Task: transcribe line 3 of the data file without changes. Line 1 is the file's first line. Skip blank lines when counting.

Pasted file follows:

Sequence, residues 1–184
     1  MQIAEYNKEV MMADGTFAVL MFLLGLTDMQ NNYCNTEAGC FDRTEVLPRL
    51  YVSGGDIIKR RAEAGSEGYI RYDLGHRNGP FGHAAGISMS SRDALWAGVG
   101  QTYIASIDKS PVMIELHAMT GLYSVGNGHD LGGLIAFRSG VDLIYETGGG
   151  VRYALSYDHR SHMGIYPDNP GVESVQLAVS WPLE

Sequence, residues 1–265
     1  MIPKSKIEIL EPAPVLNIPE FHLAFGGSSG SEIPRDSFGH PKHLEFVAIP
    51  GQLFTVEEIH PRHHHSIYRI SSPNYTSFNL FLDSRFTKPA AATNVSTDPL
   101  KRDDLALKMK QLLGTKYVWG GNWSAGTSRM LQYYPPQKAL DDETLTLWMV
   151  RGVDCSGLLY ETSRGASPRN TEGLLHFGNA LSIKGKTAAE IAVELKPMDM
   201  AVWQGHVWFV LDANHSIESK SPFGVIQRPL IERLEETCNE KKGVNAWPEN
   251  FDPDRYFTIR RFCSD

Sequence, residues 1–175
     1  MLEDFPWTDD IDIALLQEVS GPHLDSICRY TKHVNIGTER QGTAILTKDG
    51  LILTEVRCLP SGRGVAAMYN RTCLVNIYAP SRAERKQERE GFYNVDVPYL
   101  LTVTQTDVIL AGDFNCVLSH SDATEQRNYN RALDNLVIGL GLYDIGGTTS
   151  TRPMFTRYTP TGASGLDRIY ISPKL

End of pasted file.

    51  YVSGGDIIKR RAEAGSEGYI RYDLGHRNGP FGHAAGISMS SRDALWAGVG